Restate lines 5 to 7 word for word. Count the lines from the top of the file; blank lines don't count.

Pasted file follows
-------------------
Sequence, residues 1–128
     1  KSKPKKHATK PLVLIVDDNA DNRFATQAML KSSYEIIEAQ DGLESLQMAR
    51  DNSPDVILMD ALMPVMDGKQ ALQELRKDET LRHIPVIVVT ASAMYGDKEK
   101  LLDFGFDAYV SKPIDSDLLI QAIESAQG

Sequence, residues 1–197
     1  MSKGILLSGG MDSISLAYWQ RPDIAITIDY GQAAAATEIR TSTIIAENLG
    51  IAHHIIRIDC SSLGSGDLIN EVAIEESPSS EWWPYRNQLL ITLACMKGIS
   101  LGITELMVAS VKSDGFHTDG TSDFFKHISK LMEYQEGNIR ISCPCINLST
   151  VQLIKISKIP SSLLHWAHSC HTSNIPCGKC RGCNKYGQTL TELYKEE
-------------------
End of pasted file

Sequence, residues 1–197
     1  MSKGILLSGG MDSISLAYWQ RPDIAITIDY GQAAAATEIR TSTIIAENLG
    51  IAHHIIRIDC SSLGSGDLIN EVAIEESPSS EWWPYRNQLL ITLACMKGIS